Friday, June 20, 2003

Carpe Diem
June 20, 2003 - By Thomas Lesh

In the last weeks we Democrats were treated to two appalling examples of why we lost the 2002 elections and are likely to lose in 2004 if we do not begin to assert core Democratic values and wrest control of the party's agenda from its current weak-kneed legislative spokespersons. I refer in particular to Tom Daschle's apologetic questioning of the failure to discover weapons of mass destruction in Iraq, and his rather pathetic and craven retraction of those assertions in the face of the usual fury of the Republican attack machine. And to Joe Biden's equally spineless response to the noises being made about maybe attacking Iran sometime soon, where Mr. Biden opined that he really did not have any quarrel with the administration's aims in Iran, only their timing. Just this week, I have read there is considerable debate and misgiving within the party about taking on President Bush over the WMD issue. What if they find some? Didn't people like the war? Didn't the American public find it rather gratifying to vicariously kill lots of defenseless foreigners?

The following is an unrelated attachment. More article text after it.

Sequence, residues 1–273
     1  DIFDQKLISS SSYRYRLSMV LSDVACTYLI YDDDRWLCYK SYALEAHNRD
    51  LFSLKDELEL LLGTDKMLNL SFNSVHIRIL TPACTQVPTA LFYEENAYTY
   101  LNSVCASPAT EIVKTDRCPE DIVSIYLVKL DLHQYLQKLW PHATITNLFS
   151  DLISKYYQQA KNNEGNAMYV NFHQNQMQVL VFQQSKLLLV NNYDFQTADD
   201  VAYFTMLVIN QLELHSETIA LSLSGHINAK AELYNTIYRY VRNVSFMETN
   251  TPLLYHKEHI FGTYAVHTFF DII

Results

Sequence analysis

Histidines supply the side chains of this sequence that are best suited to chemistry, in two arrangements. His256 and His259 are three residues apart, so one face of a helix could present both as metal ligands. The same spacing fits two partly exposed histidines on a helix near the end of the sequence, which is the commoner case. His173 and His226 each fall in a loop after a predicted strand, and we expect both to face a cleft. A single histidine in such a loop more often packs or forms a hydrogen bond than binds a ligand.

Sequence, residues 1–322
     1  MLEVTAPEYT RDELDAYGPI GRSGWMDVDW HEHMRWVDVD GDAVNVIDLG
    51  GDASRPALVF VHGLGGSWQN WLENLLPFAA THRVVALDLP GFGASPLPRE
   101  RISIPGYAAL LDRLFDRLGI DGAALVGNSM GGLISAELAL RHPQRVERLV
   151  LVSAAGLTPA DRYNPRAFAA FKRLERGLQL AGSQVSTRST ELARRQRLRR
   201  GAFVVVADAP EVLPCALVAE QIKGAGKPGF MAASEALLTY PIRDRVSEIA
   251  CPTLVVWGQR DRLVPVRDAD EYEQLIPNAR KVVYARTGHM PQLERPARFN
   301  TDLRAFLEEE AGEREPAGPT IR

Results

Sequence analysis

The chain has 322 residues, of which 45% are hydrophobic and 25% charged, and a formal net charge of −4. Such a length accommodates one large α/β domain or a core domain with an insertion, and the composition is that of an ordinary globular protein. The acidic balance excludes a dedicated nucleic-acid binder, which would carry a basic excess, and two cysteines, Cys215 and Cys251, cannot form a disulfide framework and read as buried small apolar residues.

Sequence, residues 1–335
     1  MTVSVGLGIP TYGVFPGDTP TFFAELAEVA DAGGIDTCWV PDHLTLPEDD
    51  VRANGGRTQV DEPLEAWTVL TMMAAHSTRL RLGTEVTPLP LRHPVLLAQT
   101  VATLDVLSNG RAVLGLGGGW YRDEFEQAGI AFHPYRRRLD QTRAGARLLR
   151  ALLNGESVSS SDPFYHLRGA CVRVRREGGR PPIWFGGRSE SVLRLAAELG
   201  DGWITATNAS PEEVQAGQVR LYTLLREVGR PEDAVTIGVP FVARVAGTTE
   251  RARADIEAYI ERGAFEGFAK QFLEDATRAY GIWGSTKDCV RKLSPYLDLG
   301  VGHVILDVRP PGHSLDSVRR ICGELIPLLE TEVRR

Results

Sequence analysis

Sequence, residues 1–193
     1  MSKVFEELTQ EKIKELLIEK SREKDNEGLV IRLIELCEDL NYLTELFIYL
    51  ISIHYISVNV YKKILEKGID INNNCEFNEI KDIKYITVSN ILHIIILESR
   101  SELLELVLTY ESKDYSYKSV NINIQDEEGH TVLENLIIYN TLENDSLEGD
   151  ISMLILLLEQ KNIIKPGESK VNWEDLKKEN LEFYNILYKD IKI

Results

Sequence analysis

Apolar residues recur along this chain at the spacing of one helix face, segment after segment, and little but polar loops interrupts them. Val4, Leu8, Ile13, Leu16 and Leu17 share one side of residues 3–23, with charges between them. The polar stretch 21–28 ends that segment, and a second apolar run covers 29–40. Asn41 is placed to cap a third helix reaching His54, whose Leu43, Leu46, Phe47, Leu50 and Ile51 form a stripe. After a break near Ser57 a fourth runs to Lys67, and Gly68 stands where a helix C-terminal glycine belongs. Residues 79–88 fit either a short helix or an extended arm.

These activities, and one might catalogue so many more, only further demonstrate that there still exists a substantial party cadre who believe that it is possible to wage the 2004 campaign on the same basis as that of 2002. Namely, that people trust the Democrats on economic issues, they will vote economic issues exclusively, and that if only we can get these sluggard's minds off this terrorist stuff for five minutes, they will be consumed with a burning desire to learn everything there is to learn about prescription drug subsidies, realize that our Democratic program is tops, and return us to Congress and the White House with staggering majorities.

I want to assert the obvious counter proposition, that in order to win in 2004, we need to put foreign policy into play. I want to further assert that, at least since 9/11, and probably for a considerable time before that, there is no bipartisan consensus on foreign policy issues in this nation. The Republicans have boldly published a blueprint for world hegemony, a massive defense buildup, and a decade of pre-emptive wars with all their unpredictable consequences. There are some in this party, the Democratic Party, who believe we can agree to this agenda, or overlook it to concentrate on domestic issues, or even portray ourselves as more belligerent and irrational than our opponents.


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